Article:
Aerodynamics is a bit of a black art when it comes to cycling. It’s possible to purchase an aero frame, aero helmet, aero bars, aero wheels, aero clothing, and the list goes on. But it’s unclear which offers the greatest benefits.
For example, Specialized claim that their latest Venge bike can save you a whopping 5 minutes over 40km’s. But what is that primarily due to? The frame, the bars, the wheels, or the riders body position? It’s hard to know and Specialized doesn’t release that information.
Furthermore, most cycling conditions are anything but what are offered in wind tunnels. Terrain is often undulating and intermixed with steep hills, rolling descents, rain, crosswinds, potholes, traffic lights, rough surfaces, and bare tarmac.
Is it faster to get a lighter bike? Or is it better to get a more aero one?
Throw in group rides, drafting and tight cornering in crits, and one wonders if all the “science” is truly relevant to the real world.
I’ve ridden a 2005 Trek 2100 for the past 12 years. It lacks a lot of the features found in modern bike design. Yet, during group and solo rides alike, my times are very similar to riders with much more aero setups. Which has got me wondering, what are the real advantages to aero? And is there a clear cost/aero equation one could use to ensure they really are getting the best bang for their buck?
Welcome to part 1 of a multi-part series on aero dynamics where I will be sharing what I’ve learned through the tests of others and personal experiences. This will be an attempt to reconcile industry tests/results with the real world.
I will be starting with the cheapest options for aero savings (clothing and body position) and working my way eventually to what I’ve learned about aero frames.
When did aero first become important to me?
Watch World Tour cycling and it’s perfectly obvious why aerodynamics is important when race leaders are separated by seconds and time trials can split the field.
But what about the recreational racer?
In 2016 I road what was to be my second last event of the year. The morning started as many epic autumn rides do; with light sprinkles of rain and the threat of more to come. I put on a blue Sugoi cycling jacket gifted by my parents. It’s a great design (or so I thought). The arms and back are held together by magnets and literally peal away if needed to reveal a vest. It’s perfect for layering.
The peloton split early. I joined the front group as we attacked the first climb. I’m a climber, I don’t have a specialty per se, but if I did it would be climbing. I noticed immediately that the ride was feeling tougher than usual. I took note that my legs weren’t as recovered as I thought they would be. Slowly I lost touch of the riders. Dropping back about 200ft.
We hit the flats and I felt confident that I would find my rhythm and catch them. It was an out of town event, but a strong rider that I knew had also lost the front group, so I intended to catch his wheel and then catch the front group again.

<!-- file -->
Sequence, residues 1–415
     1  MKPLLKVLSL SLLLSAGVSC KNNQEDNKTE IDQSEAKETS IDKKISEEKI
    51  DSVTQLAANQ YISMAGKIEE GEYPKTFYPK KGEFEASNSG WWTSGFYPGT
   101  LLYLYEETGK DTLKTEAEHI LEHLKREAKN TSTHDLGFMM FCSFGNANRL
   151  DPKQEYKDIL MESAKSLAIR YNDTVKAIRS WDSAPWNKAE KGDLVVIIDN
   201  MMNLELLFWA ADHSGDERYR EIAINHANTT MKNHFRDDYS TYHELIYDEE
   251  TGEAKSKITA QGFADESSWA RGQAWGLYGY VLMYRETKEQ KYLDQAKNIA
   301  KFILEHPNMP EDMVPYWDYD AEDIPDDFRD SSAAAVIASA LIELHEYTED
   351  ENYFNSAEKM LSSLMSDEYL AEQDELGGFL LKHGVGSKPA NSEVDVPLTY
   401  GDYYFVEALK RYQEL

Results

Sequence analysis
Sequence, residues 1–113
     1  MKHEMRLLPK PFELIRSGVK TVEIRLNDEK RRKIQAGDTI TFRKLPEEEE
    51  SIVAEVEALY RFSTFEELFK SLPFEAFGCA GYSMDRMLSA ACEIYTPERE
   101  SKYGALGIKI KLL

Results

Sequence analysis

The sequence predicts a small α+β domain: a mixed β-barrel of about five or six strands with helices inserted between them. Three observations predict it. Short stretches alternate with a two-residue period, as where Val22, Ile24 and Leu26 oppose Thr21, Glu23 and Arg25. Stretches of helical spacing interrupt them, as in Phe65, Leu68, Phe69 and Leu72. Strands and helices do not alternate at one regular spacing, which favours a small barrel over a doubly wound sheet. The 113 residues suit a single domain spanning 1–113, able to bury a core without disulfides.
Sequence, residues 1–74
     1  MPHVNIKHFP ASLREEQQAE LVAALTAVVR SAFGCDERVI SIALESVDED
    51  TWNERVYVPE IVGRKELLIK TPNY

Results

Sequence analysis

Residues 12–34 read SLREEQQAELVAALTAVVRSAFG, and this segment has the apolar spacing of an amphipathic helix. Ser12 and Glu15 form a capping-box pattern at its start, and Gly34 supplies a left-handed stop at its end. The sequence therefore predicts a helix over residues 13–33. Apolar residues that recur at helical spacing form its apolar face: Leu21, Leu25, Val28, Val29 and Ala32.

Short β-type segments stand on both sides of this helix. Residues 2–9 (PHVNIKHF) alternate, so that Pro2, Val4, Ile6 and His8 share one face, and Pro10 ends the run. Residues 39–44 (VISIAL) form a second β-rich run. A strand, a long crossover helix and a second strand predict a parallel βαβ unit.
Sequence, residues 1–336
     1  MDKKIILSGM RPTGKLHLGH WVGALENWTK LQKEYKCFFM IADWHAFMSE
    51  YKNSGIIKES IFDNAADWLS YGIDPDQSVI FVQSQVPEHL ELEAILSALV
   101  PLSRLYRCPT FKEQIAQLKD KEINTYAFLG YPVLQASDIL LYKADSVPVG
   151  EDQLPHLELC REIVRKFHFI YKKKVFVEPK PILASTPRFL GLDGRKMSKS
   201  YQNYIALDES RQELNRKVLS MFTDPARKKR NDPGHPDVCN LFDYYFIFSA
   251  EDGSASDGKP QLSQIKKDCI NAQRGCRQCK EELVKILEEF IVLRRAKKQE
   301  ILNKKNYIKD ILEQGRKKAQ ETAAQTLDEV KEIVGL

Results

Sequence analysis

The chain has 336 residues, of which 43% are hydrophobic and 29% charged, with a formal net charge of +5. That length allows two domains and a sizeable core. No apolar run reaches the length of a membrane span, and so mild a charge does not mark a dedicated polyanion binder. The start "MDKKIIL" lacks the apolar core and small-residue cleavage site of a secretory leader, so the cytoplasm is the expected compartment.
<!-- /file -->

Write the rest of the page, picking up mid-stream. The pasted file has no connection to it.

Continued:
Unfortunately neither of those scenarios panned out. Riding on a relatively flat section I was easily 3km/hr slower than I would normally ride and was feeling frustrated at my apparently tired legs.
The leading pack was long gone and soon I was caught by a strong chasing group. To make matters worse my father was in it (he’s a very fit father *cough). By now the rain was beginning to open up and soon it was pouring down. I joined the second group. And by the latter leg of the race my pace was closer to normal.
Looking at the times at the end of the day it turned out that my father and I finished just 4 minutes behind the race leaders. How could this be? I thought, clearly the front group had been riding much stronger.
The reason should have been obvious, but I didn’t know what I didn’t know. Later some of the riders came up to me and joked about my parachute. Unbeknownst to me, the clever 2 part design of my jacket had caught the wind and converted the top layer into a perfect parachute.
It wasn’t until the rain started pouring that the jacket was soaked enough to stay compact.
I thought long and hard about the results of that ride and have since learned that clothes can make a significant difference to aero performance.
GCN posted an excellent video evaluating the speed difference between a loose fitting cycling jersey (say 1 size too big) versus a snug one at the same watts. The results were surprising.
This was a real world test held at 3 different intervals of power.
As you can see by this picture. At just 200W average a rider has a 0.8km/hr advantage with a tight shirt versus one with a relaxed fitting shirt. This goes up to 1.8km/hr at 400W.
When one considers the times they are pulling at the front of a group, closing down on a leading peloton or attacking solo, these numbers suddenly become much more important.
What have your experiences been with aero? Have you noticed a major performance advantage or disadvantage? Cycling is as much about science as it about personal stories, please share yours in the comments below.
Watch the full video here.